US8029519B2 (en) 2003-08-22 2011-10-04 Medtronic, Inc. Eversion apparatus and methods
US20070010835A1 (en) * 2003-08-22 2007-01-11 Tom Breton Eversion apparatus and methods
US8394114B2 (en) 2003-09-26 2013-03-12 Medtronic, Inc. Surgical connection apparatus and methods
US7879047B2 (en) 2003-12-10 2011-02-01 Medtronic, Inc. Surgical connection apparatus and methods
US20050149073A1 (en) * 2003-12-17 2005-07-07 Arani Djavad T. Mechanisms and methods used in the anastomosis of biological conduits
US20070123918A1 (en) * 2004-04-14 2007-05-31 Guenst Gary W Transconduit perfusion catheter
US8313457B2 (en) 2004-04-14 2012-11-20 Medtronic, Inc. Transconduit perfusion catheter
US7871417B2 (en) * 2004-04-14 2011-01-18 Medtronic, Inc. Transconduit perfusion catheter and methods for perfusing a blood vessel during an anastomosis procedure
US20050234482A1 (en) * 2004-04-14 2005-10-20 Guenst Gary W Transconduit perfusion catheter
US8162963B2 (en) 2004-06-17 2012-04-24 Maquet Cardiovascular Llc Angled anastomosis device, tools and method of using
US8781604B2 (en) 2004-08-18 2014-07-15 Cardiac Pacemakers, Inc. Method of implanting stimulation lead with biased curved section through the interatrial septum
US20070142850A1 (en) * 2005-12-15 2007-06-21 David Fowler Compression anastomosis device
WO2008094601A3 (en) * 2007-01-31 2008-12-11 Cook William A Australia Endoscopic delivery device
US8034093B2 (en) 2007-01-31 2011-10-11 William A. Cook Australia Pty. Ltd. Endoscopic delivery device
US8747449B2 (en) 2007-01-31 2014-06-10 Cook Medical Technologies Llc Endoscopic delivery device
US20080221659A1 (en) * 2007-01-31 2008-09-11 William A. Cook Australia Pty. Ltd. Endoscopic delivery device
US9345485B2 (en) 2007-08-02 2016-05-24 Bioconnect Systems, Inc. Implantable flow connector
US9282967B2 (en) 2007-08-02 2016-03-15 Bioconnect Systems, Inc. Implantable flow connector
US8366651B2 (en) 2007-08-02 2013-02-05 Bioconnect Systems, Inc. Implantable flow connector
US8690816B2 (en) 2007-08-02 2014-04-08 Bioconnect Systems, Inc. Implantable flow connector
US20090036817A1 (en) * 2007-08-02 2009-02-05 Bio Connect Systems Implantable flow connector
US8961446B2 (en) 2007-08-02 2015-02-24 Bioconnect Systems Inc. Implantable flow connector
US20090125100A1 (en) * 2007-11-13 2009-05-14 Cook Incorporated Intraluminal Bypass Prosthesis and Prosthesis Delivery and Deployment Kit
US8177836B2 (en) 2008-03-10 2012-05-15 Medtronic, Inc. Apparatus and methods for minimally invasive valve repair
US20090299387A1 (en) * 2008-06-03 2009-12-03 The Cleveland Clinic Foundation Method and apparatus for fluidly isolating a portion of a body lumen wall from flow through the body lumen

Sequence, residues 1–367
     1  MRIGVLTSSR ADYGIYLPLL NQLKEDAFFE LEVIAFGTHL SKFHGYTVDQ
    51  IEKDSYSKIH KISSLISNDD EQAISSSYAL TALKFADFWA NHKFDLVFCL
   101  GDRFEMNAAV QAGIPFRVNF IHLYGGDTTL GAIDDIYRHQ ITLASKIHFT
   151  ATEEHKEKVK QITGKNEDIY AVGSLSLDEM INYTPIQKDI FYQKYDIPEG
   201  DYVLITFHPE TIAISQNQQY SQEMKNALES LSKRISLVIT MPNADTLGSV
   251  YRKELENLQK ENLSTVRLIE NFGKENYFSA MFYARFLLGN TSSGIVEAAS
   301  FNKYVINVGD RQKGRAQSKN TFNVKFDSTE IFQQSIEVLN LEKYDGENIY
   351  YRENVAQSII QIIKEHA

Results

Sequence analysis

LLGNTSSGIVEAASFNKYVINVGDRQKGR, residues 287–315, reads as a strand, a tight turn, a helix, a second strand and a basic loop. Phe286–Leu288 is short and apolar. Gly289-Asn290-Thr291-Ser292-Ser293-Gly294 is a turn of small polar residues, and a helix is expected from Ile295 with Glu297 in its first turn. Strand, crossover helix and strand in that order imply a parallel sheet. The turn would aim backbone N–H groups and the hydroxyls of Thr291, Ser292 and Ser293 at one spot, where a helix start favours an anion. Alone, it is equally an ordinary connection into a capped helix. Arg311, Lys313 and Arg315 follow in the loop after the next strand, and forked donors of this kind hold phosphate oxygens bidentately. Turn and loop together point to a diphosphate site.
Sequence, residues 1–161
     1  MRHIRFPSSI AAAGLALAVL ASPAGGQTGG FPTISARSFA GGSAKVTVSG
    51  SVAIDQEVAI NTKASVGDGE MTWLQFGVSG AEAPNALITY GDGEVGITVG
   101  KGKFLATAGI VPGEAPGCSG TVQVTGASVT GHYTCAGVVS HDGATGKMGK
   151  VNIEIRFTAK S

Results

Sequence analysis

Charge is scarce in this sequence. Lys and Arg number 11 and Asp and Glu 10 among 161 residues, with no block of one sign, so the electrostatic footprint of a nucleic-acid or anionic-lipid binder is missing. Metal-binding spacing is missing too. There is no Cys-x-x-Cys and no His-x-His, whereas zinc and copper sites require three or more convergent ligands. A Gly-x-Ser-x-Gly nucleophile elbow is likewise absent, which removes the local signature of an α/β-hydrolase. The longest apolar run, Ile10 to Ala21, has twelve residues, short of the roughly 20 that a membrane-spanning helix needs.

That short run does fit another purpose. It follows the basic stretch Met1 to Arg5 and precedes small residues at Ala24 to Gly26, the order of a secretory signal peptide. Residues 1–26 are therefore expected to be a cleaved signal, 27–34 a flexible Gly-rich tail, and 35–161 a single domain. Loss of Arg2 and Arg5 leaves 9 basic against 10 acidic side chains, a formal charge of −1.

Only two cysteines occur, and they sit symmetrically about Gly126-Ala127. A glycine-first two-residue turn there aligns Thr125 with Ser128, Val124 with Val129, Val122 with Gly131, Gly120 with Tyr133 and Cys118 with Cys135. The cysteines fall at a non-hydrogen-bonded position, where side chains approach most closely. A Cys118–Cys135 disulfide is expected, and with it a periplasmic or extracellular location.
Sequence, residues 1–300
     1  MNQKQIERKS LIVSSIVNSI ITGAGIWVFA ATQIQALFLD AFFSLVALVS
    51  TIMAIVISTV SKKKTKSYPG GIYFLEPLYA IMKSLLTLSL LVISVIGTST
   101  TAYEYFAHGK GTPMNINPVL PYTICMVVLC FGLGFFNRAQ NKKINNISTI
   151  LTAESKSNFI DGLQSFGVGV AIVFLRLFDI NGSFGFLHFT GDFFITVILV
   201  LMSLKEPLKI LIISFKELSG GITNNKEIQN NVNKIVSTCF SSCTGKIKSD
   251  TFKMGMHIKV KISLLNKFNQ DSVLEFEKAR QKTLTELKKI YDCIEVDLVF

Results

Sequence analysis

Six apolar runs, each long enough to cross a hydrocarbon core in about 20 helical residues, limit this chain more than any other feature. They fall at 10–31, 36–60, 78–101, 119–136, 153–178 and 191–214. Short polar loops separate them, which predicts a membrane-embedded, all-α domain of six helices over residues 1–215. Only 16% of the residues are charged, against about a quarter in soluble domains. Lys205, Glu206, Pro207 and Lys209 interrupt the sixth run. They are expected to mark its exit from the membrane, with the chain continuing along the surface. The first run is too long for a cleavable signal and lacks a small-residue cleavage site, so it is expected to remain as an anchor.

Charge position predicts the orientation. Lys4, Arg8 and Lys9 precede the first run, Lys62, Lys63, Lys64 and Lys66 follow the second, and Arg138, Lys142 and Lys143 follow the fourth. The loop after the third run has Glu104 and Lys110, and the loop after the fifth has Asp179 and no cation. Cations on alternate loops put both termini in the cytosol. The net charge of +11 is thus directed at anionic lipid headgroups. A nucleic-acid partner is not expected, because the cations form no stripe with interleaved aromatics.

US8518060B2 (en) 2009-04-09 2013-08-27 Medtronic, Inc. Medical clip with radial tines, system and method of using same
US8668704B2 (en) 2009-04-24 2014-03-11 Medtronic, Inc. Medical clip with tines, system and method of using same
US9408603B2 (en) 2009-10-28 2016-08-09 Covidien Lp Surgical fastening apparatus
US8413872B2 (en) 2009-10-28 2013-04-09 Covidien Lp Surgical fastening apparatus
US9872686B2 (en) 2009-10-28 2018-01-23 Covidien Lp Surgical fastening apparatus
US20110095068A1 (en) * 2009-10-28 2011-04-28 Nihir Patel Surgical fastening apparatus
US9314600B2 (en) 2012-04-15 2016-04-19 Bioconnect Systems, Inc. Delivery system for implantable flow connector

Similar Documents

Publication Publication Date Title
US6440161B1 (en) Dual wire placement catheter
US6852116B2 (en) Method for engrafting a blood vessel
US5662700A (en) Artificial graft and implantation method
US5871536A (en) Intraluminal vascular graft and method
US6206913B1 (en) Method and system for attaching a graft to a blood vessel
US6461320B1 (en) Method and system for attaching a graft to a blood vessel
US6814752B1 (en) Modular grafting system and method
US6432131B1 (en) Method and apparatus for intraluminally implanting an endovascular aortic graft
US5979455A (en) Method for directing blood flow in the body of a patient with a graft and stent assembly
US6179848B1 (en) Anastomotic fitting
US6334869B1 (en) Endoluminal prosthesis
US5713907A (en) Apparatus and method for dilating a lumen and for inserting an intraluminal graft
US6361519B1 (en) Mesh tip myocardial implant
US6485513B1 (en) Percutaneous stent graft and method for vascular bypass
US5749918A (en) Intraluminal graft and method for inserting the same
US5211683A (en) Method of implanting a graft prosthesis in the body of a patient
US5755773A (en) Endoluminal prosthetic bifurcation shunt
US6409756B1 (en) Endovascular aortic graft
US6113612A (en) Medical anastomosis apparatus
US6746426B1 (en) Transluminally deliverable vascular blockers and methods for facilitating retrograde flow of arterial blood through veins
US6911035B1 (en) Suturing means for connecting a tubular vascular prosthesis to a blood vessel in the body in addition to branch means, a vascular prosthesis, a device for inserting and suturing a vascular prosthesis in the body, and a vascular prosthesis system
US5968090A (en) Endovascular graft and method
US5891193A (en) Non-migrating vascular prosthesis and minimally invasive placement system therefor
US5860998A (en) Deployment device for tubular expandable prosthesis
US5078726A (en) Graft stent and method of repairing blood vessels

Legal Events

Date Code Title Description
AS Assignment

Owner name: CORVASCULAR SURGICAL SYSTEMS, INC., CALIFORNIA

Free format text: ASSIGNMENT OF ASSIGNORS INTEREST;ASSIGNORS:DUHAYLONGSOD, FRANCIS G.;FRENCH, FRITZ;REEL/FRAME:009254/0346

Effective date: 19980309

AS Assignment

Owner name: ETHICON, INC., NEW JERSEY

Free format text: ASSIGNMENT OF ASSIGNORS INTEREST;ASSIGNOR:CORVASCULAR, INC.;REEL/FRAME:012590/0633

Effective date: 20011217

FPAY Fee payment

Year of fee payment: 4

FPAY Fee payment

Year of fee payment: 8

FPAY Fee payment

Year of fee payment: 12

AS Assignment

Owner name: ETHICON, INC., NEW JERSEY

Free format text: ASSIGNMENT OF ASSIGNORS INTEREST;ASSIGNOR:CORDIS CORPORATION;REEL/FRAME:036781/0657

Effective date: 20151001